The first Odissi video given above is an enactment of a Sanskrit poetry in praise of Vishnu, one of the three major Gods in Hinduism. The dancer is Sharmila Mukherji, a disciple of Kelucharan Mahapatra. The second video is an enactment of the ten incarnations of Vishnu (see the first comment below for more descriptions). The dancer is Saumya at Bangalore. The third video is about Gotipua, a folk form from Orissa from which modern Odissi has borrowed some postures.
Praise to the Ten Incarnations of Vishnu in Odissi by Saumya
In contrast to this, in orthodox Islam, all forms of artistic activity are prohibited as "anti-religious." Especially, dance and music are forbidden except the drum-music. However, there is a controversy about it, since there is a Hadith in which Prophet Muhammad said to Aisha who prepared a bride for marriage and took her to the venue of marriage, that she should have arranged for (dance and?) music because the Ansars, the community in which marriage was being held loved dance and music. Because of this, many Muslims enjoy dance and music, while the militant Wahhabis and their successors forbid it and also don't allow others from engaging in it. In countries such as Saudi Arabia, dance and music performances are forbidden, with strict punishments for those found indulging in it.
In South Asia, the Muslim community always took a liberal view towards this issue. Especially the Sufis have contributed greatly for melodious music, singing and dance which employs fast whirls. These performances were - and are - held in the Dargahs of Sufi saints and later in the 20th century were brought out of the Dargahs and began to be performed on stage in a secular environment. People from all communities enjoy Sufi music in the Indian sub-continent. In recent decades, pop music singers began to use the rhythms and the beats of Sufi music for their compositions. Runa Laila, a pop music singer from Bangladesh was amongst the earliest to do this. Her composition "Damadum Mast Kalandar" which actually uses a Sufi song, became an all time favourite. The last video below shows a performance of this song by Runa Laila.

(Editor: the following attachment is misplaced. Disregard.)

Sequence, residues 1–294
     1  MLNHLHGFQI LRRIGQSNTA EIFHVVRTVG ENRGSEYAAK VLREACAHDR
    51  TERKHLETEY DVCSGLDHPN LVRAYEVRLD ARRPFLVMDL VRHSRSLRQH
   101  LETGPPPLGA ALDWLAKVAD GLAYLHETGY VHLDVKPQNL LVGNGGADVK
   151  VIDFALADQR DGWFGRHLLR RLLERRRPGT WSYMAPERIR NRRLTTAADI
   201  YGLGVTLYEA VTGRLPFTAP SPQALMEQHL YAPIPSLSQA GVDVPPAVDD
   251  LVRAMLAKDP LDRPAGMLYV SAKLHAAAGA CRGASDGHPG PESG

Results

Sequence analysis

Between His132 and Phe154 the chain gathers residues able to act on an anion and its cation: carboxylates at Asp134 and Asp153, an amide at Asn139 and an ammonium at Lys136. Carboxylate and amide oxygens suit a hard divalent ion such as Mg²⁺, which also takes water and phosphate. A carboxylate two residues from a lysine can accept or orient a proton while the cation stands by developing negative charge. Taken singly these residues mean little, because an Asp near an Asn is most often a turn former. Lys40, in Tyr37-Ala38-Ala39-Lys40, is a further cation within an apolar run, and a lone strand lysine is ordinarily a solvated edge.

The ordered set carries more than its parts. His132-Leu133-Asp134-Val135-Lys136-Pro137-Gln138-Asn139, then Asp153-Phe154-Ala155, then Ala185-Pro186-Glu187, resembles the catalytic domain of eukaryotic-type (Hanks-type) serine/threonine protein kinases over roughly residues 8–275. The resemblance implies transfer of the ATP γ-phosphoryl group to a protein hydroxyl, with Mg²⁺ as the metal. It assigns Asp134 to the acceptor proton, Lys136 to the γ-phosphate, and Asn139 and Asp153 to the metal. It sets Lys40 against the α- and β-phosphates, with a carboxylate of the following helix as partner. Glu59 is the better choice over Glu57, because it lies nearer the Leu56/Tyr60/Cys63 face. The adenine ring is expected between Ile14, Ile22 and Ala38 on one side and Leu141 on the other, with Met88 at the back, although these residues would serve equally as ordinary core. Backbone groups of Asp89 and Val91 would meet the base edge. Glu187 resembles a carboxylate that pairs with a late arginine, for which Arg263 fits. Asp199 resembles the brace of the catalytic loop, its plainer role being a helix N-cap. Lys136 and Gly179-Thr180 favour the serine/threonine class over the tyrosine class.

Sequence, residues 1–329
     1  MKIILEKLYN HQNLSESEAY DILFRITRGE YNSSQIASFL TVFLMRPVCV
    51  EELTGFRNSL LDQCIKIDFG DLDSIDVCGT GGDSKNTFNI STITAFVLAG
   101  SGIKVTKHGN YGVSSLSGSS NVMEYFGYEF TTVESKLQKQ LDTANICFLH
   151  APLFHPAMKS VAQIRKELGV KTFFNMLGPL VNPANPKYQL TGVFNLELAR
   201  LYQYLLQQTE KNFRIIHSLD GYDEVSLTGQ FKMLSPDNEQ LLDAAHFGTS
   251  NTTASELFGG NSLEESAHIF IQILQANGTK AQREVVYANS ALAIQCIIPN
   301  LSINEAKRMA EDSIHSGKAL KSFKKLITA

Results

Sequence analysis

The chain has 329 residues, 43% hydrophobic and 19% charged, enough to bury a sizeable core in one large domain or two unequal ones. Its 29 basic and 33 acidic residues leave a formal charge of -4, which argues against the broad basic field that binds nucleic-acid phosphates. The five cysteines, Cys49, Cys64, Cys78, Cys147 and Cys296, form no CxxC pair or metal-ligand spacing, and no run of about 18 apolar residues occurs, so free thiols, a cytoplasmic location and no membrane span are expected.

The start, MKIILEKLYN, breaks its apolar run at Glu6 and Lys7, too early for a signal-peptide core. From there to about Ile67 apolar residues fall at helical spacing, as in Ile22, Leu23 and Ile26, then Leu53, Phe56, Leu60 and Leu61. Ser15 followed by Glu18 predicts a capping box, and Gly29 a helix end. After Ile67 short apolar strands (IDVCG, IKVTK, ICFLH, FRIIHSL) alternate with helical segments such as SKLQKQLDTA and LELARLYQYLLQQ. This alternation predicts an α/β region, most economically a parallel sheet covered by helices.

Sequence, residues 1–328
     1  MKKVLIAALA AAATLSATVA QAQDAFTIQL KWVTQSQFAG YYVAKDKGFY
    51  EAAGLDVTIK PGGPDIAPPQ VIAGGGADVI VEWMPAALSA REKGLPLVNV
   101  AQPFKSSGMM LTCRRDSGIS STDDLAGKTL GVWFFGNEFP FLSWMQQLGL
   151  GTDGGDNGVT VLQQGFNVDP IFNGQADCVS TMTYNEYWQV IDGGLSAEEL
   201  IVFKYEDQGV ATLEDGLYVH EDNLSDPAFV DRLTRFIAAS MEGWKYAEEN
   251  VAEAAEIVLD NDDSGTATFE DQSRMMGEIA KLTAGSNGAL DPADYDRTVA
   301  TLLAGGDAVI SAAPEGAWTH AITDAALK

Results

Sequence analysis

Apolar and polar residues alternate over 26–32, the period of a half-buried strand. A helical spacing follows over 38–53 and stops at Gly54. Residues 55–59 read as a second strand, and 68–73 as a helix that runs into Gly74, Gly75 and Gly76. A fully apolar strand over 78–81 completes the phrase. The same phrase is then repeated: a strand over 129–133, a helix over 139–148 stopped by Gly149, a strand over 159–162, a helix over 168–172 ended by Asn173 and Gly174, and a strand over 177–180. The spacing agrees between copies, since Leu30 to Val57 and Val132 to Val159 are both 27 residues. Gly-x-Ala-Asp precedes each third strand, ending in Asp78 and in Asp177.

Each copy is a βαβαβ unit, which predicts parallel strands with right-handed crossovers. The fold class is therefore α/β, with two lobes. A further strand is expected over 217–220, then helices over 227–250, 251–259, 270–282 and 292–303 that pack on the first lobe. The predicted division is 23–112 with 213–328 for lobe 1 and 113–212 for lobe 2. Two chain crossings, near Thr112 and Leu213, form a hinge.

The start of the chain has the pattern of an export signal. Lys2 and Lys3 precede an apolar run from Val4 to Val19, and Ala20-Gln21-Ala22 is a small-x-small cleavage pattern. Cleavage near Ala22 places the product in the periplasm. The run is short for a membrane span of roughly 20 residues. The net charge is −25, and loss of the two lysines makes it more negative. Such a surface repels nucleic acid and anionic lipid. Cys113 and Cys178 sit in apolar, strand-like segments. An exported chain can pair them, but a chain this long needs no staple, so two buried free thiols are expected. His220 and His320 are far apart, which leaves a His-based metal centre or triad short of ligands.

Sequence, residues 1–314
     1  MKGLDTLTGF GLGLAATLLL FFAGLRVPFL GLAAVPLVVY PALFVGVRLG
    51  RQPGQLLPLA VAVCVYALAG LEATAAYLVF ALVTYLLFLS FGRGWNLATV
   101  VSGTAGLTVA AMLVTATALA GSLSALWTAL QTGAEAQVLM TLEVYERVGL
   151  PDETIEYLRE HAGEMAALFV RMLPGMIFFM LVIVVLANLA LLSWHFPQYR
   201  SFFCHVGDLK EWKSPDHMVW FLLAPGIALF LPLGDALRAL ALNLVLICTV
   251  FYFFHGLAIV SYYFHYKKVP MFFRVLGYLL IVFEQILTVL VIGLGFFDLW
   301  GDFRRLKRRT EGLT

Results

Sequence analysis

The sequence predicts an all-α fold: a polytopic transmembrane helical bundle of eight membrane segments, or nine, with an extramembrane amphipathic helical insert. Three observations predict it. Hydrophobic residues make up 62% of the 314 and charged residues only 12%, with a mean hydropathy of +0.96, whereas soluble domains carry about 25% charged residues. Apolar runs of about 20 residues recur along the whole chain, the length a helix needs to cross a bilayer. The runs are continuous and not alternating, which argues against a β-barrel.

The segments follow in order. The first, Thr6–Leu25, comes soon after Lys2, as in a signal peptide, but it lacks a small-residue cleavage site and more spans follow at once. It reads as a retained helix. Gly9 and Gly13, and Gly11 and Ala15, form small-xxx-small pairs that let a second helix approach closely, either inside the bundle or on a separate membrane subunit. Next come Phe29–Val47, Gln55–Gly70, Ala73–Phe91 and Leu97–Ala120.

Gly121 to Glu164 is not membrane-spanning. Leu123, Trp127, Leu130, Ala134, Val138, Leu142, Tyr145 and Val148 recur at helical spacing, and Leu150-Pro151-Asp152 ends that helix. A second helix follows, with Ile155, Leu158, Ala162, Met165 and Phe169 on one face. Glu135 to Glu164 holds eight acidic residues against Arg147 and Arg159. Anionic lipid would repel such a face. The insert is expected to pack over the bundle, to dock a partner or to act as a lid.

The Mughals, as in all other cultural and political fields, take a prominent place in this field as well. During the Mughal rule, all the classical dance and music forms of India were greatly patronised by the Mughal Emperors, under whose patronage some of the musical instruments and musical modes were also invented. Kathak, the classical dance of North India, received extensive patronage during this period and hence, it spread over half of India. To its already existing repertoire from the Hindu tradition, it added the Persian dance elements, since Persian dancers were always coming to the Mughal court. Especially in the later Mughal period, when they had become politically weak and the British were really ruling India, the Mughal princes contributed greatly towards the development of Kathak. Wajid Ali Shah, the ruler of Oudh (approximately Uttar Pradesh and Uttaranchal of today in North India) was a Kathak dancer himself and used to hold Kathak performances in his court. he had received training in classical singing and composed poetry for his Kathak performances. Eventhough he was not successful politically and was eventually captured by the British and sent into exile, he contributed greatly to the dance and music of India.